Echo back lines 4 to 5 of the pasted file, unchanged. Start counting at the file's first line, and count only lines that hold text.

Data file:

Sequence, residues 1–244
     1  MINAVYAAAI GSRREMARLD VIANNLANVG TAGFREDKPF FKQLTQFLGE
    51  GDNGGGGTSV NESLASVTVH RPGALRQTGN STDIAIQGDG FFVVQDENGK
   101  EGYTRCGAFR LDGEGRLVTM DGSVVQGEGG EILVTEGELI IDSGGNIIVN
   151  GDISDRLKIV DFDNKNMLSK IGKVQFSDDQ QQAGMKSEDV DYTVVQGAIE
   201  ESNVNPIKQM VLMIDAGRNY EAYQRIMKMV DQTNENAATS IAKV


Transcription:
   101  EGYTRCGAFR LDGEGRLVTM DGSVVQGEGG EILVTEGELI IDSGGNIIVN
   151  GDISDRLKIV DFDNKNMLSK IGKVQFSDDQ QQAGMKSEDV DYTVVQGAIE